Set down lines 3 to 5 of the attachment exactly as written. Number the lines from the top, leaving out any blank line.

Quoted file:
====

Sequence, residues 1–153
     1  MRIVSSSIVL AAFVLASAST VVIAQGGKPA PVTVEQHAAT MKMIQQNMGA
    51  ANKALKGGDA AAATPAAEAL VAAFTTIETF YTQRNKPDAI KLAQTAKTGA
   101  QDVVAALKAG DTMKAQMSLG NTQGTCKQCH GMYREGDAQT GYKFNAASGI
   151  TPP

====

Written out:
    51  ANKALKGGDA AAATPAAEAL VAAFTTIETF YTQRNKPDAI KLAQTAKTGA
   101  QDVVAALKAG DTMKAQMSLG NTQGTCKQCH GMYREGDAQT GYKFNAASGI
   151  TPP